AUGUSTA, Ga. — Cameron Smith pulled off a feat that had never been done before at the Masters.
All it got him was a silver medal.
Until Sunday, no player had ever posted four straight rounds in the 60s.
Smith did it with an up-and-down par off the front of the green at the 72nd hole, giving him a 3-under 69 for the final round.
On the heels of shooting 67, 68 and 69 over the first three rounds, Smith finished with a 15-under total that would've been good enough to win most years.
Not in 2020.
Dustin Johnson blew away the field with a record-breaking 20-under score, propelling him to a five-shot victory over the 27-year-old Australian and South Korea's rising star, Sungjae Im.
"It would have been cool to do that and win," Smith said "I would take 15 under around here for the rest of my career. I might win a couple. That's just the way it is."
The runner-up score (278) would have been good enough to win outright all but seven times in Masters history.
But Smith and Im will have to wait until April to make another run at the green jacket.
No one came close to matching Johnson's stellar performance on a course that was ripe for the taking with the Masters being played in the fall rather than the spring because of the coronavirus pandemic.
Im had no complaints. The 22-year-old was playing in his first Masters and had never even been on the course until a Monday practice round.
"This is definitely going to be a memorable Masters for me, not only because this is my first appearance, but my initial goal at the start of the week was just to make a cut and get into the weekend," he said through a translator. "To finish tied for second is unbelievable."
Going into the final round, Johnson had a four-stroke lead over Smith, Im and Abraham Ancer (the Mexican slumped to a 76 and was never a factor).
Im made a run at the lead when Johnson bobbled briefly on the front side, making back-to-back bogeys that sliced the lead to a single shot.
But Johnson regained control with a birdie at the par-3 sixth, which turned into a two-shot swing when Im knocked his tee shot over the green, chipped to 4 feet and missed the tricky putt to take bogey.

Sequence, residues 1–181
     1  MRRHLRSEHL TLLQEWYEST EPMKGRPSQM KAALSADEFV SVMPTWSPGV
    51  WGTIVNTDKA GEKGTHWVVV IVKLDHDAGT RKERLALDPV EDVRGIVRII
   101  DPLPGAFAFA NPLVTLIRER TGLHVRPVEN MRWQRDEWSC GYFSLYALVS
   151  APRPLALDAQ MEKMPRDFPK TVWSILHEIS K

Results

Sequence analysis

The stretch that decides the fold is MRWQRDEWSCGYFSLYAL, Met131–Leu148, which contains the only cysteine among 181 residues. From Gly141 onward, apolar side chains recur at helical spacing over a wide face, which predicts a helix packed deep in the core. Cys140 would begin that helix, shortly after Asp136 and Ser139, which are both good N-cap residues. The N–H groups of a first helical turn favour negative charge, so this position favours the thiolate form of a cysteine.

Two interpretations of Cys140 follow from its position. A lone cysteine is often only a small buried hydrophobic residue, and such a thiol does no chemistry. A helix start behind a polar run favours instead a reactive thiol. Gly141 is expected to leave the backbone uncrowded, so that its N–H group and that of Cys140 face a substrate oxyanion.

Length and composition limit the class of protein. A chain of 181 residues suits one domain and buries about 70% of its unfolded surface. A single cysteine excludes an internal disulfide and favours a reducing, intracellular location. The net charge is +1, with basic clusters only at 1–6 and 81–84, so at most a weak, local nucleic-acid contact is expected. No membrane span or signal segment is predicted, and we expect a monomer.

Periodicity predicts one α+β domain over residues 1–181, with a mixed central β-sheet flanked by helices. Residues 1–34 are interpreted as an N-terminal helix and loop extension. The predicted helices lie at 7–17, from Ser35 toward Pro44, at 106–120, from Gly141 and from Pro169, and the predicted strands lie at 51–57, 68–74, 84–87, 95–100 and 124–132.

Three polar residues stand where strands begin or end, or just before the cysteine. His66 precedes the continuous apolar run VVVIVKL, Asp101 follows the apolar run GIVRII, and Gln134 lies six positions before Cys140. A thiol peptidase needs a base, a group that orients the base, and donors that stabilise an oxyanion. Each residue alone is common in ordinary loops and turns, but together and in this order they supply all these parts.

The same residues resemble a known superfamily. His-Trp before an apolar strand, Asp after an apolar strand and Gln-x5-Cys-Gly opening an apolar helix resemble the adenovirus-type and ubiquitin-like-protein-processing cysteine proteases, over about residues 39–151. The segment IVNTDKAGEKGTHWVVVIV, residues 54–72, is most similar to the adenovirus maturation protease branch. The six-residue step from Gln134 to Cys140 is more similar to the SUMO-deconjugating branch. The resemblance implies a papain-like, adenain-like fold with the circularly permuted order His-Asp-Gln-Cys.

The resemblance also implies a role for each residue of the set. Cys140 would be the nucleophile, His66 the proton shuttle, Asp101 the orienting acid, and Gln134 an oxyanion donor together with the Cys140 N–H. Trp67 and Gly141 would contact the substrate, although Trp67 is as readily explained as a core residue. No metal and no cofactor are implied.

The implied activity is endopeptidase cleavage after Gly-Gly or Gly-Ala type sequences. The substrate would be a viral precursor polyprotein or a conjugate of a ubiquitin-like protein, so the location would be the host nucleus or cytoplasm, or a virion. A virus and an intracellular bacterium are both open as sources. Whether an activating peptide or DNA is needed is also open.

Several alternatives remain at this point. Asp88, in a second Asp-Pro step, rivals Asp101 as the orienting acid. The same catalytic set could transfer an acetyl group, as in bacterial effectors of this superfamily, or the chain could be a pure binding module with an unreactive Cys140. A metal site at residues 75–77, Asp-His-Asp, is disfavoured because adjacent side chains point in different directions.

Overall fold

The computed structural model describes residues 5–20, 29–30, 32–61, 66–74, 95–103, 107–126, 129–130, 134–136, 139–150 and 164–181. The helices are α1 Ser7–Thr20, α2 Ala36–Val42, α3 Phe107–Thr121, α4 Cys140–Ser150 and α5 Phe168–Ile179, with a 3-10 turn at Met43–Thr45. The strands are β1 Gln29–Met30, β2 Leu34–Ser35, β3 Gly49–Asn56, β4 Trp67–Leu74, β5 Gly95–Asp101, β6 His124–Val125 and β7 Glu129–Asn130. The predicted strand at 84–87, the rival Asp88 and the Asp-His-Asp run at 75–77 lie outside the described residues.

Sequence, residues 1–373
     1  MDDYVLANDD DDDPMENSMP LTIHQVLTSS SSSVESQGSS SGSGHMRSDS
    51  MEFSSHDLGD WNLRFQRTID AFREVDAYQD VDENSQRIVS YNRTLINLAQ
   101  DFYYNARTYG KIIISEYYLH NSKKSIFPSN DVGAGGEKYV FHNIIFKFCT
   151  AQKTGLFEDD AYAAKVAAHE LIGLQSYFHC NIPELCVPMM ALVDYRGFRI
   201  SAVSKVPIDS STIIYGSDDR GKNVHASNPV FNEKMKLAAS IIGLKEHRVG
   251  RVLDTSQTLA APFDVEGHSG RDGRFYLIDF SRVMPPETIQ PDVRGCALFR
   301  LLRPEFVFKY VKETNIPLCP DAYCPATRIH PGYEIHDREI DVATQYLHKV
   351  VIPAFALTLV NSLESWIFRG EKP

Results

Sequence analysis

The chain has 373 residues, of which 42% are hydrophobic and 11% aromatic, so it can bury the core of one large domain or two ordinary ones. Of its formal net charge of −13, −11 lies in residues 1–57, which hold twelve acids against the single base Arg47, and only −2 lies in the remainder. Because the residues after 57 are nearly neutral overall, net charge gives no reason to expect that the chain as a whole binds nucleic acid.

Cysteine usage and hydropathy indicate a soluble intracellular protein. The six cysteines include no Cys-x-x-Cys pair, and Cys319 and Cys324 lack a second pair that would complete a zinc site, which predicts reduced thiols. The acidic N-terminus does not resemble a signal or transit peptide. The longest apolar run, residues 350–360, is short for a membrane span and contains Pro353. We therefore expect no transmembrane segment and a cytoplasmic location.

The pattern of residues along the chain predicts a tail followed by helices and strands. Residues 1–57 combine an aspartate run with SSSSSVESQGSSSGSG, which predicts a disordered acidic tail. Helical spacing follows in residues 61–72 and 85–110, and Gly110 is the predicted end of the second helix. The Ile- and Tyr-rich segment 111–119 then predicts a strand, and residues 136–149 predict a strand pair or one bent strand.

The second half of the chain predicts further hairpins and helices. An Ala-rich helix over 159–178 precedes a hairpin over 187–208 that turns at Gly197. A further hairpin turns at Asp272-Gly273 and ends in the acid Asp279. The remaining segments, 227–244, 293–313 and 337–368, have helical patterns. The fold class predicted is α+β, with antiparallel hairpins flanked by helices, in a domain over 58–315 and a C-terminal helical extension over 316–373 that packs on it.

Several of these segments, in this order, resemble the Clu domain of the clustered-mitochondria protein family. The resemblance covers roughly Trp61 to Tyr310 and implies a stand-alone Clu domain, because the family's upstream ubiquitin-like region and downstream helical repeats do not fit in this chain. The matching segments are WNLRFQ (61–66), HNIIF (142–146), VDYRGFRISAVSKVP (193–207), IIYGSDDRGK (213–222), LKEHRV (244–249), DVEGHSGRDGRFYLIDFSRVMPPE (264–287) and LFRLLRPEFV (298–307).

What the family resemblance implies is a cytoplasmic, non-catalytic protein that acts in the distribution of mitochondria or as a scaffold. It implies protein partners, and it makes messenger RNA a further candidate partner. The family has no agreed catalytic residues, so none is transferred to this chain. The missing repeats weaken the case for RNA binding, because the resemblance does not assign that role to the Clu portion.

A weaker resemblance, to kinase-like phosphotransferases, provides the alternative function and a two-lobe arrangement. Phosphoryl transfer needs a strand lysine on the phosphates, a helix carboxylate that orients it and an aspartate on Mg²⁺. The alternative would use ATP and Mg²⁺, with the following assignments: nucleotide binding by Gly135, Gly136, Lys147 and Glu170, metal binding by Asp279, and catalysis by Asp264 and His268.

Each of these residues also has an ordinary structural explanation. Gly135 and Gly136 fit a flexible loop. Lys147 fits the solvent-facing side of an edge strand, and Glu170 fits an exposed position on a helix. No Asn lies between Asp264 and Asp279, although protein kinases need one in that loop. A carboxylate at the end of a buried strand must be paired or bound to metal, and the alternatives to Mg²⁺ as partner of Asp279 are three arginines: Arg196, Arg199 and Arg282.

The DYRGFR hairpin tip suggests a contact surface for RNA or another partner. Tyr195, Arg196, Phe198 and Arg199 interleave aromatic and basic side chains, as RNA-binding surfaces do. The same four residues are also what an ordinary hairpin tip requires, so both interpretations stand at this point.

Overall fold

Smith, playing up ahead in the next-to-last threesome, brilliantly scrambled for birdies at the seventh and ninth holes, leaving him two behind at the turn.
He never got any closer.
"I knew I had to put the pressure on him early," Smith said. "I got out of the gates pretty good. But D.J. was just too good at the end."
Smith struggled with his driver and long clubs, but his irons kept bailing him out.
He made birdie at No. 7 by launching his second shot over a batch of towering pine trees. He pulled off another at the ninth, hitting a 9-iron off the pine straw that skidded past the bunkers to the left, curled onto the green and rolled down a ridge to about 4 feet from the flag.
At the par-5 15th, he yanked his second shot far left of the green, where a grandstand is usually constructed. It wasn't needed this year with no fans allowed, and Smith managed to get down with a chip and putt for his final birdie.
"I wouldn't say I brought my best stuff, especially my longer stuff," Smith said. "But obviously my scrambling — my chipping and putting were unreal this week. Probably the best it's ever been. There was a lot of good stuff, but a lot of stuff to work on too."
Im, trying to become the first rookie to win the Masters since Fuzzy Zoeller in 1979, was never able put much heat on Johnson after the bogey on No. 6 was followed by another at the seventh.
That's OK. The youngster knew he was witnessing something special in the final group.
"Dustin definitely plays at another level," Im said. "His accuracy off the tee is unbelievable to watch. I really enjoyed playing with him, but I didn't want to think that I was competing with him today. I just wanted to focus on my game and try to finish as strong as I can."
Im certainly showed the potential to make a run at the green jacket some day, though he's got a huge issue hanging over his career.
South Korean men are required to serve two years of military service. Im hopes to earn an exemption by winning a medal at next summer's Tokyo Olympics.
Until then, he'll keep playing as much as possible. Im is one of the busiest players on the PGA Tour, rarely taking a week off.
As for Smith, he's already got his sights on the next major.
In less than five months, he'll be back at Augusta, trying to join Adam Scott as the only Aussies to win a green jacket.
"I love the place," Smith said. "I want to win here really badly. I feel like that brings out the best in my game."
It certainly did this week.
Unfortunately for Smith and Im, Johnson was even better.